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The BBC's Stephen Evans
"A double-blow to car production in Britain"
 real 28k

Bill Morris, Transport and General Workers Union
"We have fulfilled our side of the bargain"
 real 28k

Monday, 24 April, 2000, 16:38 GMT 17:38 UK
Unions pledge fight for Ford
Ford Dagenham
Dagenham's future has been in doubt for months
Prime Minister Tony Blair has held talks with the chief executive of motor giant Ford in a bid to persuade the company not to end car assembly at its Dagenham plant.

News of the talks came as unions pledged to fight to save the thousands of jobs under threat at the plant.

Mr Blair met Ford's global chief executive Jac Nasser to discuss the future of the east London plant, threatened with closure as part of a Ford shake-up to cut over-capacity in Europe.


Mr Blair
Mr Blair regularly meets senior businessmen
The government is anxious to avoid a further blow to Britain's motor industry, with 10,000 jobs already in jeopardy in the Midlands, as a result of BMW's sell-off of Rover.

Ford axed 1,500 jobs at Dagenham in February. It is widely reported to be poised to cut 3,000 more by closing down assembly lines.

Mr Blair's intervention signals a high political priority to stemming job losses in the manufacturing industry, which has suffered because of the pound's strength abroad.

Ford's profits in Europe fell sharply last year from 200m to just 29m.

It has announced a global review of its operations, and there are fears that Dagenham has been identified for closure in a restructuring plan to be announced in May.

Union anger

But on Monday unions questioned whether the Department of Trade and Industry has done enough to save jobs.

"Tony Blair's intervention is very welcome, but you have to ask where is the DTI? Time and time again they refuse to intervene even when thousands of jobs are at risk," a spokeman for the GMB union said.

"It is time the DTI pulled its finger out and realised that its main task is the the promotion and protection of British jobs," he added.

Transport and General Workers Union leader Bill Morris said they would do whatever they could to stop Ford closing down the plant.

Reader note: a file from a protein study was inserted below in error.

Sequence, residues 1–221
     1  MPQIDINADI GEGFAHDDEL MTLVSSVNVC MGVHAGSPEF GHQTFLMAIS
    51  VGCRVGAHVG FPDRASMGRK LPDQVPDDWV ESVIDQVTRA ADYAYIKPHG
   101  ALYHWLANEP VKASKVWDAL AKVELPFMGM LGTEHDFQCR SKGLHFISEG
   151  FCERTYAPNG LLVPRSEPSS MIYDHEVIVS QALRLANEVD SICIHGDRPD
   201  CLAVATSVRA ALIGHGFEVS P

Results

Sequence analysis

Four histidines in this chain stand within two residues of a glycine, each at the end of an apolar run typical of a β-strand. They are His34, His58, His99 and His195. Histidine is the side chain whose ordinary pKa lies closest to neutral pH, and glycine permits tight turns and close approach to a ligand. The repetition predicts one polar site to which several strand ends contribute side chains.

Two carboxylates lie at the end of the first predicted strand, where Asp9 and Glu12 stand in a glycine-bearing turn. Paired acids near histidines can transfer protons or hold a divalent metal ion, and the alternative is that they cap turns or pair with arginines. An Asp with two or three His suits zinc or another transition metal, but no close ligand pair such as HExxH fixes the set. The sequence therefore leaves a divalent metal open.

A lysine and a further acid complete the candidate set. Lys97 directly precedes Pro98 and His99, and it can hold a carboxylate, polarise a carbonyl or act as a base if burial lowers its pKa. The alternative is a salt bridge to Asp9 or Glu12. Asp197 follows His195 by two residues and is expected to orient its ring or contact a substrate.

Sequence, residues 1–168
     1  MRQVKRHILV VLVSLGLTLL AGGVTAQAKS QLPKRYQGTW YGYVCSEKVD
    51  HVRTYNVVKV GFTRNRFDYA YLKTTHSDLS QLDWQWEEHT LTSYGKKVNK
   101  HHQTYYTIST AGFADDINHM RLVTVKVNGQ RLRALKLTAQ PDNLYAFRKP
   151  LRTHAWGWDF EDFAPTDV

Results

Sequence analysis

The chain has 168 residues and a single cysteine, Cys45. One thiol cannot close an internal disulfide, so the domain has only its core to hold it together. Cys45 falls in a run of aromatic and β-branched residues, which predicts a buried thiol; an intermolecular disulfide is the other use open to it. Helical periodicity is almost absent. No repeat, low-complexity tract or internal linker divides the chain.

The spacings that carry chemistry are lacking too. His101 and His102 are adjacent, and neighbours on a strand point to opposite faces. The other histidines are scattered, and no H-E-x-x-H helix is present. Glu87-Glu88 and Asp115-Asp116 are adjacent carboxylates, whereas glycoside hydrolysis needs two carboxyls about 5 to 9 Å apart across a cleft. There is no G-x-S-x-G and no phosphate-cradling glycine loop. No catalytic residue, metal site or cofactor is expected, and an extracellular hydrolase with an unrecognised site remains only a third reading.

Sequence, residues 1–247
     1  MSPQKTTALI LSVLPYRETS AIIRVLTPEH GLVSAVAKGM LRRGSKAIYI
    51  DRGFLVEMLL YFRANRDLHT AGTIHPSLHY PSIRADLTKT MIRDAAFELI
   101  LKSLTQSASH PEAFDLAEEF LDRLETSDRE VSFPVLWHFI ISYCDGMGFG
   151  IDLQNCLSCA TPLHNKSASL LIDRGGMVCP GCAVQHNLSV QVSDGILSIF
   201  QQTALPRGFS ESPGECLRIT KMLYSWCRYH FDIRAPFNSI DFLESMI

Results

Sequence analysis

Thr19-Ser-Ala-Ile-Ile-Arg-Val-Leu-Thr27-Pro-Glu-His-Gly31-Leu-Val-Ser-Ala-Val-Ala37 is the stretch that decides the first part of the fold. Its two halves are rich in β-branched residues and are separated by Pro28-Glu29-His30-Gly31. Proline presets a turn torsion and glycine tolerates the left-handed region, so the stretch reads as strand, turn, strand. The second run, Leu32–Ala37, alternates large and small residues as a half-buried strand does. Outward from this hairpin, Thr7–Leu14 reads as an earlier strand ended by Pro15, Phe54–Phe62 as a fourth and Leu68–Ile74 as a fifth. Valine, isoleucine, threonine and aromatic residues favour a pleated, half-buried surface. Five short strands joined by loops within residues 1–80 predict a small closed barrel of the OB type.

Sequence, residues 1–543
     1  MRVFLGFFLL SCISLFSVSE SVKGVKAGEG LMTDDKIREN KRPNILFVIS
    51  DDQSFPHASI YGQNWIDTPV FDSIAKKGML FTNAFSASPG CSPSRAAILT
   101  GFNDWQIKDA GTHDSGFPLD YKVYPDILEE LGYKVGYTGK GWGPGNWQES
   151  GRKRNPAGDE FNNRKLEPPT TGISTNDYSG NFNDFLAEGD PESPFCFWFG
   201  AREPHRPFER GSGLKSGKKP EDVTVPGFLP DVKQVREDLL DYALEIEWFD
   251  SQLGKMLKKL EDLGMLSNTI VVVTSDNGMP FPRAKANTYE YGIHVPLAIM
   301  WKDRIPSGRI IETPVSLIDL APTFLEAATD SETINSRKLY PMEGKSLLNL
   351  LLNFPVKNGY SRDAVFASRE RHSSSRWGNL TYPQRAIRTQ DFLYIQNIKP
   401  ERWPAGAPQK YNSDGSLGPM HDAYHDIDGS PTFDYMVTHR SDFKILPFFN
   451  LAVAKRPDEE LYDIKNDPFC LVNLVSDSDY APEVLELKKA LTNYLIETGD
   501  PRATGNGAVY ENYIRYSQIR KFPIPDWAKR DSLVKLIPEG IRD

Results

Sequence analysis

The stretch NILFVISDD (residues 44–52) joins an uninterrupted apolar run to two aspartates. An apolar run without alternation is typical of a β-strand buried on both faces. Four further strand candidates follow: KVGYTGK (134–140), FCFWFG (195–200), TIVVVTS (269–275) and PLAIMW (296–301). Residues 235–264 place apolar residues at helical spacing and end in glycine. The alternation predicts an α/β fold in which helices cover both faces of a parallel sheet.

He blamed the difference in labour laws between the UK and Europe for the threat to its future.

"It is not a productivity problem, it's not a quality problem - it is simply that it is easier and cheaper to sack British workers," he told the BBC.

He said this meant the cheapest option for Ford in reducing over capacity in Europe, was to shed jobs in the UK.

"We see no case at all for yet another body blow to be struck to the heat of our community," he added.

A Downing Street spokesman said that Mr Blair's meeting was not prompted by any specific concerns that Dagenham might be closed.


Assembly line worker
Dagenham employs 7,700
He said: "Mr Blair met Jac Nasser a few weeks ago and he has met him before. He has regular meetings with senior businessmen from time to time.

"I am sure that Dagenham would have come up as an issue, but I don't think it was a meeting called because of Dagenham."

The DTI is in regular telephone contact with Ford to keep itself updated on the progress of its review, the spokesman said.

The government was heavily criticised for being unaware of BMW's plans for Rover until the last moment.

A DTI spokeswoman said on Saturday: "Ford has made it clear to the government that its present review is looking at the problems of over-production and excess capacity across its operations throughout Europe.

"This review is not centred on issues which solely affect the UK. We expect an announcement from Ford about the outcome of the review within the next few weeks."

'Disaster' for Britain

Dagenham employs more than 7,700 people, with more than 4,000 working on the car body and assembly operations.

Managers at the plant have criticised poor productivity and the plant has been hit by unofficial strikes and allegations of workforce racism.

Steve Hart, regional organiser for the Transport and General Workers Union, said the union was "determined" that Dagenham would not close as part of the restructuring.

"It would be a disaster for our members at Dagenham. It would be a disaster for east London and Essex - which already has high unemployment - and it would be a disaster for manufacturing in Britain," he said.

If you want to ask the main candidates for Mayor of London about the situation at Dagenham in a live programme on Monday night, send your emails to londonmayor@bbc.co.uk

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See also:

24 Apr 00 | Business
Rival Rover bid 'set to collapse'
18 Feb 00 | Business
Ford slashes 1,500 UK jobs
20 Apr 00 | Business
Rover jobs crisis
03 Feb 00 | Business
Ford's European troubles
04 Feb 00 | Business
Is Dagenham doomed?
02 Feb 00 | Business
Ford staff vote for walkout
03 Feb 00 | Business
Ford to cut costs in Europe
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